@Wizardofaus - yep, funny-ish. But the big message I take away from that video is that many people actually prefer a smaller form factor phone, and are happy with one that's a little thicker that maybe houses a half decent battery. So when people are presented with what they are told is the new iPhone, their positive comments on its dimensions are pretty relevant I think.
The other stuff - commenting that the display is so much crisper etc. - well, they are being asked to pontificate on a 'new' piece of tech they've been handed in the street. People have a natural tendency to say what they think they are expected to say in those circumstances. I'm all for laughing at people who do dumb things, but they've got to be properly dumb things.
I think this is the important point - there are only two plausible explanations for contribsx's actions in my view - either a deliberate fit-up of Schapps by a malicious third party, or Schapps or some other associate has actually been using that account for edits. Nothing else really makes sense.
Sure, the LibDems may have an axe to grind against Schapps, and it certainly seems like they have jumped on this one to cause him difficulty, possibly leaking stories and getting a not-so-independent-wikipedian to act. But that is very different from actively framing him for something he or his associates did not do.
When it comes down to the choice of whether contribsx is a Tory/Schapps sockpuppet or was it an elaborate framing by another party, then on balance of probabilities I would easly choose the former because Schapps has form in this area and (in my personal opinion) he is so untrustworthy that I don't really believe a word he says.
In the interests of balance I hope both Schapps and the LibDems get shafted at the forthcoming election.
Those are terrible charts.
Just because Excel lets you add a 3D-at-an-angle effect, doesn't mean you should actually use it, if you want to get information across in a useful manner.
We spent a night in a Four Seasons in the US on honeymoon. They wanted $7 for the (not very fancy) printed map of the local area that was left in the room (i.e it was a minibar item). There was no tea/coffee provided in the room, although you could of course order it on room service at suitably expensive prices. We were left wondering what you actually get for your greatly inflated room rate, given that the whole experience compared very poorly to the other (cheaper) hotels on the trip.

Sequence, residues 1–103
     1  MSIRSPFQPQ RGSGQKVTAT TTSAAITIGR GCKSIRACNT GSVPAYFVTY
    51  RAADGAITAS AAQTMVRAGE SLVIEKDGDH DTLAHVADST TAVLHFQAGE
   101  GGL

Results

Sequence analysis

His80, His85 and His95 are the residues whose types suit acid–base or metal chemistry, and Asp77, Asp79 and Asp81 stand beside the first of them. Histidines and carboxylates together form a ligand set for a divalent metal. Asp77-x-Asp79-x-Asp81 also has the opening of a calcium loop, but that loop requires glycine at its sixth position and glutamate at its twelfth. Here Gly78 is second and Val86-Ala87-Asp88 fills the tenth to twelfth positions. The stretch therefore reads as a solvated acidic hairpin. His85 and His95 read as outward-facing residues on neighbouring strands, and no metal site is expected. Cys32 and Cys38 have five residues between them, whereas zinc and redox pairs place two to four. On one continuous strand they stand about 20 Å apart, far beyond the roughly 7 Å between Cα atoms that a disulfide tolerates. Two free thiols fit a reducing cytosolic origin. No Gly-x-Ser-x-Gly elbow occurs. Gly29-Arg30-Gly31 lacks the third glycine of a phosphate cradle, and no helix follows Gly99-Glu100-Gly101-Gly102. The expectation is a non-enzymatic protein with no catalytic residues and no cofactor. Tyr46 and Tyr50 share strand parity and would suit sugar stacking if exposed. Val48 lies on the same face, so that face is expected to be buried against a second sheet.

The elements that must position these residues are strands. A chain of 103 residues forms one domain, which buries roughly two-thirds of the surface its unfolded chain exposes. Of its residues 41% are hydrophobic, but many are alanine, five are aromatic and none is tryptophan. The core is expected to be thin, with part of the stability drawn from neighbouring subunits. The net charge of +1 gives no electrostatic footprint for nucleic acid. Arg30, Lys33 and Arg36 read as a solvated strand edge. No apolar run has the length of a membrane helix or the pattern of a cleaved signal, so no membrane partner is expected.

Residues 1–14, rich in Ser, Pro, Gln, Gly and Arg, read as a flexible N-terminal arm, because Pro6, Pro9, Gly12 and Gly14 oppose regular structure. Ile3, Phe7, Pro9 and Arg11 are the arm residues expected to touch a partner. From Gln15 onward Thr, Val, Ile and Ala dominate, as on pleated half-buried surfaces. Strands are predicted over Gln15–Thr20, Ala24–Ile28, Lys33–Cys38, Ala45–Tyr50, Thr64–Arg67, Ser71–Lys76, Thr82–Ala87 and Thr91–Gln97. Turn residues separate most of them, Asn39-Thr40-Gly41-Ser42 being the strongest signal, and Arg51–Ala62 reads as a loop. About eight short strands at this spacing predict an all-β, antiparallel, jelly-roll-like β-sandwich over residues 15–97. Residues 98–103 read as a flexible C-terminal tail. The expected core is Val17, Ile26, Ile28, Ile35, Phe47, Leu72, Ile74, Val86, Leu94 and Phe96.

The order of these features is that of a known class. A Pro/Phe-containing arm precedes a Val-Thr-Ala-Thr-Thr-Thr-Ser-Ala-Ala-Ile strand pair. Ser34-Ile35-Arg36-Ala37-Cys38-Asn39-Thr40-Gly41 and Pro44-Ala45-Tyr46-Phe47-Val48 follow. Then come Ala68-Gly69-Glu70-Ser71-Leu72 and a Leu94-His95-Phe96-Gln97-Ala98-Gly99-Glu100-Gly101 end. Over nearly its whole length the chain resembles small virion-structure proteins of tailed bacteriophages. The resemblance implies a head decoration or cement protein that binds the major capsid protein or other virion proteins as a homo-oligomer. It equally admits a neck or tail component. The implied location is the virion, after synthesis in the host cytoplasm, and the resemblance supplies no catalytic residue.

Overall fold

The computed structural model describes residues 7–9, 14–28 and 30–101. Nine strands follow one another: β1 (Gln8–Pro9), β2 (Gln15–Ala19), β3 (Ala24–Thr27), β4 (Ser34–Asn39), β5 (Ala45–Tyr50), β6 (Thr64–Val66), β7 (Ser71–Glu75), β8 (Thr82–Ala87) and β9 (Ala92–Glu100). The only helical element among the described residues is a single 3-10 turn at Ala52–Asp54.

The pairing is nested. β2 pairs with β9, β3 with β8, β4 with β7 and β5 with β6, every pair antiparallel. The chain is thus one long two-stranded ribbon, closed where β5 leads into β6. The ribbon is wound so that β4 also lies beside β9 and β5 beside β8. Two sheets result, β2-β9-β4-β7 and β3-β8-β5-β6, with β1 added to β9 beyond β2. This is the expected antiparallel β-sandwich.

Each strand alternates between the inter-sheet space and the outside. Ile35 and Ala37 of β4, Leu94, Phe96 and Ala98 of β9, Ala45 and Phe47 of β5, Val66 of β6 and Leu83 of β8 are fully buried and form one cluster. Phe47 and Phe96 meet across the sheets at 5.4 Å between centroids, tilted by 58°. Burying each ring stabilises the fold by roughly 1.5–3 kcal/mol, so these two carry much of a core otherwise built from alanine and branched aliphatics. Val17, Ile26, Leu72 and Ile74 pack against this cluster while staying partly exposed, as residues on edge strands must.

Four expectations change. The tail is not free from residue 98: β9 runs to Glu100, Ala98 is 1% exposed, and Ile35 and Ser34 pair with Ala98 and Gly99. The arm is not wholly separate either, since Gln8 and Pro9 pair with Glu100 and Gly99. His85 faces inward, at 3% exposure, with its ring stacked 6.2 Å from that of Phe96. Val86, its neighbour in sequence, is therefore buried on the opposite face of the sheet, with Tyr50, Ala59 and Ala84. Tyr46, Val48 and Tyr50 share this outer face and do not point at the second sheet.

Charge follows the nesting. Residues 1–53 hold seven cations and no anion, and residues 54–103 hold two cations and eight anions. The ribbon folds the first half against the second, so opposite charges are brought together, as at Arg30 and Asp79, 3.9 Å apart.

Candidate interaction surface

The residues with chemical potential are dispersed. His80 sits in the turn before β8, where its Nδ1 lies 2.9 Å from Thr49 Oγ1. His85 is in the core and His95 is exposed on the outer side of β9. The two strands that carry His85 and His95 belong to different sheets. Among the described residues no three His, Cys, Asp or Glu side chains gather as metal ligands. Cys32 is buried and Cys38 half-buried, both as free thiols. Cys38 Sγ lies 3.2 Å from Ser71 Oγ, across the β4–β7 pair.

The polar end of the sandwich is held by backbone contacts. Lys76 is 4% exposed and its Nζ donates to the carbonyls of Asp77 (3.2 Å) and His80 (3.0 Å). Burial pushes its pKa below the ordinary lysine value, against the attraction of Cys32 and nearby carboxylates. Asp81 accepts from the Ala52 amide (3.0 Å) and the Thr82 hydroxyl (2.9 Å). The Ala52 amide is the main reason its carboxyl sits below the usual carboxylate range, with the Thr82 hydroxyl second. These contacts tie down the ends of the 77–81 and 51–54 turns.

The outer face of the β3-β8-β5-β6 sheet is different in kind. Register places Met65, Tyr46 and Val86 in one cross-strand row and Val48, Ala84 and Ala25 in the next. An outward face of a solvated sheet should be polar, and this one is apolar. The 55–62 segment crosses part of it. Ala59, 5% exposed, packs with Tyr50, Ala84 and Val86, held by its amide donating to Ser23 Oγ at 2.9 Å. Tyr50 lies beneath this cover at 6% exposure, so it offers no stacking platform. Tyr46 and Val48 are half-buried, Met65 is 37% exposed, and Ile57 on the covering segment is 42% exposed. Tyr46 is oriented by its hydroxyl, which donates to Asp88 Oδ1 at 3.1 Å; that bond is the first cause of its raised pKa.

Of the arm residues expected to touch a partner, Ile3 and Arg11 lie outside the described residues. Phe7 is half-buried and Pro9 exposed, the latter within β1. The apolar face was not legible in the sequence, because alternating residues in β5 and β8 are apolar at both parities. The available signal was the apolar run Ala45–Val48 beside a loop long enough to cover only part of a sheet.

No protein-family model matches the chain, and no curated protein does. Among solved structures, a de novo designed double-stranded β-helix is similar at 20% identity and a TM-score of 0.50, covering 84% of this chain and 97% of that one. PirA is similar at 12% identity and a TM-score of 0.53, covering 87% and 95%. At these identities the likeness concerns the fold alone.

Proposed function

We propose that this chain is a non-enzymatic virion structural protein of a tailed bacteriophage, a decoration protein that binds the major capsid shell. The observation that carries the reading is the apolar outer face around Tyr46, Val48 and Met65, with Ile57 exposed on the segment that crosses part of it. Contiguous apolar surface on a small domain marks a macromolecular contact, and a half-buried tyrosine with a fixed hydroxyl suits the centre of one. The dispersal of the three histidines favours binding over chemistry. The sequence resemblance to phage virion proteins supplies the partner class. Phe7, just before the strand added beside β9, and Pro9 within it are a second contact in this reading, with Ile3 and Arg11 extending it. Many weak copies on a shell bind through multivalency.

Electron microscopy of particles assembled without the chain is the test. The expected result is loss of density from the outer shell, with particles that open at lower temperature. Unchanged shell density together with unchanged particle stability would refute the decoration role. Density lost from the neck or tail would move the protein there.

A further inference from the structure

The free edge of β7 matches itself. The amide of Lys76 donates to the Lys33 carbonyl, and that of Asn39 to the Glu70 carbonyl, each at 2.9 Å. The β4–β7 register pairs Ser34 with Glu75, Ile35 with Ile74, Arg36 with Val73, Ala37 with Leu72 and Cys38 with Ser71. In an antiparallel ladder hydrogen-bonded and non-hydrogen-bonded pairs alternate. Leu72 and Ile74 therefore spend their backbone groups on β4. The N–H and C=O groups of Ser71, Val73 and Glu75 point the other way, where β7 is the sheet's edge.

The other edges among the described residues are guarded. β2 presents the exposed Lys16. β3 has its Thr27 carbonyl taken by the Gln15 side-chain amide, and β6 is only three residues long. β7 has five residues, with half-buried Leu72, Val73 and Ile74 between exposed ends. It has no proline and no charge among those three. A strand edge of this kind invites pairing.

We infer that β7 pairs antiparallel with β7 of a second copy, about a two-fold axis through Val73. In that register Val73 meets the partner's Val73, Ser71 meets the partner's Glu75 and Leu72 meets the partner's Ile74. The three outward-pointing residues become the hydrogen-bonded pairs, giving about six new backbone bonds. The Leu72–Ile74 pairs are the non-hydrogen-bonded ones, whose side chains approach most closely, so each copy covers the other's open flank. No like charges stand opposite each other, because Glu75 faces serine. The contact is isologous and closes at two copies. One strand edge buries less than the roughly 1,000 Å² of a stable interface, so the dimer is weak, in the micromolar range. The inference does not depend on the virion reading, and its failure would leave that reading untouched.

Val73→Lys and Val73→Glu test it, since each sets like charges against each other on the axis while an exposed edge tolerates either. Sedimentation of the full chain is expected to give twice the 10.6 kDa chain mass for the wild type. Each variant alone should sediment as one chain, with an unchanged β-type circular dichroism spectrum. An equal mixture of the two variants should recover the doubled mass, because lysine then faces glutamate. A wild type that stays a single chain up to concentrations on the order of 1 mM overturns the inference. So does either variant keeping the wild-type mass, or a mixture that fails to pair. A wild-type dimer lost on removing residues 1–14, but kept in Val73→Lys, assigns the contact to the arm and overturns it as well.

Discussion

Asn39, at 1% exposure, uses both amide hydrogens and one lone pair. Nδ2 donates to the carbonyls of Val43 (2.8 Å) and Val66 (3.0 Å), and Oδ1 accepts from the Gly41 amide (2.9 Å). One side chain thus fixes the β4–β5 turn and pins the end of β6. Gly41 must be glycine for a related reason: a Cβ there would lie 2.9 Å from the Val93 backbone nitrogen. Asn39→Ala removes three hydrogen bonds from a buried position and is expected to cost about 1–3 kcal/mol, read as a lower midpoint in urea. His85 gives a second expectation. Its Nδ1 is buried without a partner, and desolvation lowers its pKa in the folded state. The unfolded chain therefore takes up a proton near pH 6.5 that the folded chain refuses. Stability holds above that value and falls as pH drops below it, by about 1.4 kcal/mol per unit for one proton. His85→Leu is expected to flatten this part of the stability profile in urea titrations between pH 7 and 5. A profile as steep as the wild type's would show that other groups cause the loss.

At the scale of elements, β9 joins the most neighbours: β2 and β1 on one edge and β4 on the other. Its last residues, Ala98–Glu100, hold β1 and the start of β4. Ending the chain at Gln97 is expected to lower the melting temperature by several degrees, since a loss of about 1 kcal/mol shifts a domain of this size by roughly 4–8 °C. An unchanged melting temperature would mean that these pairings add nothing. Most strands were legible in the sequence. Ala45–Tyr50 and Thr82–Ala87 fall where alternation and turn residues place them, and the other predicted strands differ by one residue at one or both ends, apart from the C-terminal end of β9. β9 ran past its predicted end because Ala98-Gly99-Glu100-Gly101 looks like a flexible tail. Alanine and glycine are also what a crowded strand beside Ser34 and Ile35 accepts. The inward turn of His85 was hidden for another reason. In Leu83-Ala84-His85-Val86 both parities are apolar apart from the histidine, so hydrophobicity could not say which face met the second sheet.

I won't even get on to their wifi cost, in a city with ubiquitous free coverage.
Upmarket hotels are money extraction machines, or at least they want to be.
@BristolBachelor, I think you (and many others in this discussion) are missing a fundamental point here. Apple's 'soft' SIM is a physical card with the same form factor as a standard SIM, that is also software updateable for carrier selection. You can remove it and replace it with any SIM from any network and use that instead.
It adds the convenience of not having to acquire a physical card on day 1 with your new device, and as others have noted adds some interesting longer term potential, such as using software to swap between multiple carriers depending on circumstance without needing to juggle SIM cards. Because it is removable, and may be replaced with a bog standard SIM card, the consumer loses nothing here.
Now, if Apple then went a step further and changed the devices so that your only option was to use the soft sim, and baked that into their hardware in the same way they do with RAM in MacBooks now, then I would be the first to complain. And stop buying their devices.
@localzuk - "What if the company wished to change the name to Penis Tower? Would that be acceptable?"
It would certainly be a more accurate description of the general class of building and the reason for building it :)
[Mine's the one with the phallic symbol in the pocket]
I've just inherited my other half's 16Gb 4S as my work phone (in exchange for a nice new 6...). It works just fine with newly upgraded iOS 8. I've used the accessibility settings to turn off the additional motion in the UI - you should try that (http://support.apple.com/kb/HT5595). It compares favourably in speed to my previous work phone, an iPhone 4 running iOS 6.
Many happy returns to your other half. So you can all join in the fun...
It was a surprisingly painless experience, if you ignore the severe wallet pain involved in buying a possibly ever so slightly overpriced iThing.